The aggregation of β2-microglobulin (β2m) into amyloid fibrils is associated with human disease, but subtly different variants of β2m are associated with diseases with distinct pathologies. Astbury researchers at the University of Leeds have used cryoEM to determine the structures of fibrils formed from three different variants under identical conditions in vitro. The research, from the Ranson and Radford Laboratories, shows that each fibril sample is polymorphic, but that that polymorphism comes about from a ‘lego-like’ assembly of a common amyloid building block. These results suggest a ‘many sequences, one amyloid fold’ paradigm in contrast with the recently reported ‘one sequence, many amyloid folds’ behaviour of intrinsically disordered proteins such as tau and Aβ.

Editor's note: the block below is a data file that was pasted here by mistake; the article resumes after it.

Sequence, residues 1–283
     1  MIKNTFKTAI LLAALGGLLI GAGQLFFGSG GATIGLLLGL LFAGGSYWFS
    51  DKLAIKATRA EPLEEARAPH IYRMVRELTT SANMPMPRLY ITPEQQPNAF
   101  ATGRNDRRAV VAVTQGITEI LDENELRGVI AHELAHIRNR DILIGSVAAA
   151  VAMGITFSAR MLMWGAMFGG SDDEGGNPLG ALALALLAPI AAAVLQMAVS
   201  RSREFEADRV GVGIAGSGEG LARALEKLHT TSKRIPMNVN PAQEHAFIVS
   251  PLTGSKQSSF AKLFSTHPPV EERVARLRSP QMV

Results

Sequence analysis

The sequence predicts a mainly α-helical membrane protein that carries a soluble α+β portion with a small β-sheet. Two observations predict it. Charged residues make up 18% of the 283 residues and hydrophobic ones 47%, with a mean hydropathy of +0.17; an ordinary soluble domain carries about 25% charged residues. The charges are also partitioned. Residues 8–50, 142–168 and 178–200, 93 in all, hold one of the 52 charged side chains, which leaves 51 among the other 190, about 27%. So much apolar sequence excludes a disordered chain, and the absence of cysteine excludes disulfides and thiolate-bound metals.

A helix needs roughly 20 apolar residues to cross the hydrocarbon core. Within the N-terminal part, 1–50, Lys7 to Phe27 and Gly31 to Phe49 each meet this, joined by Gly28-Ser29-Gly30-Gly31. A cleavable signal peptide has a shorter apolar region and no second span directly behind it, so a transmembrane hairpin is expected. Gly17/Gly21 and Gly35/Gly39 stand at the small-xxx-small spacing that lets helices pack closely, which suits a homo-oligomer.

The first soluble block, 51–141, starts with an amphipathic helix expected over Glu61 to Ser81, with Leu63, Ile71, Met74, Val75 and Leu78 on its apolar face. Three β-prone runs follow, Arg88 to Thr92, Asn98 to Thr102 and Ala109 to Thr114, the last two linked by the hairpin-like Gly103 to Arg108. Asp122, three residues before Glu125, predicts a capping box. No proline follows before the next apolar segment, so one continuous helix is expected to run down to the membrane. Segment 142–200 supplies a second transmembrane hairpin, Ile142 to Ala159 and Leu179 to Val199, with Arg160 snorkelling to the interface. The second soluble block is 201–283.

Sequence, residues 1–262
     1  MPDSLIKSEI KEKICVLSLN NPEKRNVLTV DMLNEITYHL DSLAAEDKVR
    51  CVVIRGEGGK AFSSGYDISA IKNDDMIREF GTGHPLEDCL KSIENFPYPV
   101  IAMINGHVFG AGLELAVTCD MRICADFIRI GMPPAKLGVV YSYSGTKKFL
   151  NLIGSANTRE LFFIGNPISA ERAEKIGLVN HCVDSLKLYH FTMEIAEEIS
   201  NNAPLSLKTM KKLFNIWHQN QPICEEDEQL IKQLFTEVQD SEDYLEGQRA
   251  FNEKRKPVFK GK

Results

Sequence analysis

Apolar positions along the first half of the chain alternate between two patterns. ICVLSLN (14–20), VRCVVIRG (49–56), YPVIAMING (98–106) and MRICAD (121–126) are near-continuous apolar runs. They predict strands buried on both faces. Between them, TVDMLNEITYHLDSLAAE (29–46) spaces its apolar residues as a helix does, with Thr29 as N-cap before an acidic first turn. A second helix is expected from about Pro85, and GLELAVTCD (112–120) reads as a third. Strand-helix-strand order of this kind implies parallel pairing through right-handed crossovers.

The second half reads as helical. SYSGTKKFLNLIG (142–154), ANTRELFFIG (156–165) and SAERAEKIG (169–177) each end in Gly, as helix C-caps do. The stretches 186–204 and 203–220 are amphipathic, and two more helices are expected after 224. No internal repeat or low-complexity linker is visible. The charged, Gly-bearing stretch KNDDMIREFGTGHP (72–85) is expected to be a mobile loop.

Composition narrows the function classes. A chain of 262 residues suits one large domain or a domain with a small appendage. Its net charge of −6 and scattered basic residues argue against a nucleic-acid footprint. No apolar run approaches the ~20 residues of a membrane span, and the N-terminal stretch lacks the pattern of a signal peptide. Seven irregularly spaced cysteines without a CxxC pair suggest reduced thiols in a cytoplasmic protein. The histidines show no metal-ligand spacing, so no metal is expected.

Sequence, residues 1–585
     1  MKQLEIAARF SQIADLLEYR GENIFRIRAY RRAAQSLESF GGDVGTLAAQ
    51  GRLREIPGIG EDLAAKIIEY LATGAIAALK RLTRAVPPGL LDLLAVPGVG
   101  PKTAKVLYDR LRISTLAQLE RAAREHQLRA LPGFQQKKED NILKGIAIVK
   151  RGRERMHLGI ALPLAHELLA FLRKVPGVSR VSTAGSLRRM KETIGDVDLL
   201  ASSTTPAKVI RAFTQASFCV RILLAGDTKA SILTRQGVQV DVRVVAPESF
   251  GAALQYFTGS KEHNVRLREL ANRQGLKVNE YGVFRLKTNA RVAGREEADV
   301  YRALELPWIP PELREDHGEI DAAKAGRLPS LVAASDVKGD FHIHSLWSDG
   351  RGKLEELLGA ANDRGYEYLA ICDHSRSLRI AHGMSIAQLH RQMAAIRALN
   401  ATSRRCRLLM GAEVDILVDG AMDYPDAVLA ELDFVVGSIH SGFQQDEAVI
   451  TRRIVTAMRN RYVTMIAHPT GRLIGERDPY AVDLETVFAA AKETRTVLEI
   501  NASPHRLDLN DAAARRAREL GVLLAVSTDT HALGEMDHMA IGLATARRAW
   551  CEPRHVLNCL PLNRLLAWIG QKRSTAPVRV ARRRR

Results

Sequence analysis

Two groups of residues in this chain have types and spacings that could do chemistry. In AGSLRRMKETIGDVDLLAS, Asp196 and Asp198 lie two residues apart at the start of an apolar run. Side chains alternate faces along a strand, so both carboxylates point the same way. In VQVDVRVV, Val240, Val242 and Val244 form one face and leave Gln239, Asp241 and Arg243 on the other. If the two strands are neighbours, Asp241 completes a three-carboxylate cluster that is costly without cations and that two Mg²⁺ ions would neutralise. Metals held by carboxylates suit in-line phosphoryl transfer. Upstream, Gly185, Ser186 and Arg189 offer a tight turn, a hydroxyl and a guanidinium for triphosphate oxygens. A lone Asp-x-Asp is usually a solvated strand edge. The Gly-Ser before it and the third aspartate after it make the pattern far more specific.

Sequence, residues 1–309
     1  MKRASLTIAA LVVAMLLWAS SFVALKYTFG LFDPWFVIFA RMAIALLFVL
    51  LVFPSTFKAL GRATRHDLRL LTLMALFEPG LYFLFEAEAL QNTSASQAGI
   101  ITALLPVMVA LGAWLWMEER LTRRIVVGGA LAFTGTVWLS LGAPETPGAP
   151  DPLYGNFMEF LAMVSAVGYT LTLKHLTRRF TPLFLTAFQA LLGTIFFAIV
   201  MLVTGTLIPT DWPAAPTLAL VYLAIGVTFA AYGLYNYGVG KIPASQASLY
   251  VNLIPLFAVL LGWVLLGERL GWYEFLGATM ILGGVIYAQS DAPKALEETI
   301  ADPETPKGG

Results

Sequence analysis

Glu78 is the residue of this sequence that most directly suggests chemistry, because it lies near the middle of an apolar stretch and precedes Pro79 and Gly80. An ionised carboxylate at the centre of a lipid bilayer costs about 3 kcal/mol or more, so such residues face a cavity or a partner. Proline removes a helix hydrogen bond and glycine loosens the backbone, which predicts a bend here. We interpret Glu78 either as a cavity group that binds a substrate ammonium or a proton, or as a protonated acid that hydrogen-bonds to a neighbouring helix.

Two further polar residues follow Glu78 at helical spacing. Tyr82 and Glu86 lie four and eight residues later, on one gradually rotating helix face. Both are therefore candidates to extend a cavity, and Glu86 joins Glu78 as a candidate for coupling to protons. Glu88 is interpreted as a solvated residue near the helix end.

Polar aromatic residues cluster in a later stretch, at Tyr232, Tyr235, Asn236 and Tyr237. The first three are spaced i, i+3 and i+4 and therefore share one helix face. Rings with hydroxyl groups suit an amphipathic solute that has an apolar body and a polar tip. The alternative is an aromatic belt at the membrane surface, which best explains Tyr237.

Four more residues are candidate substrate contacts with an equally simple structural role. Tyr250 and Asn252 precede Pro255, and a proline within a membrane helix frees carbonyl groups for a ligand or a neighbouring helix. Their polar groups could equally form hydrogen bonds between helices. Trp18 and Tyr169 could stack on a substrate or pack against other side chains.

The research is published in Nature Communications with Martin Wilkinson as first author, as: https://rdcu.be/c7FhL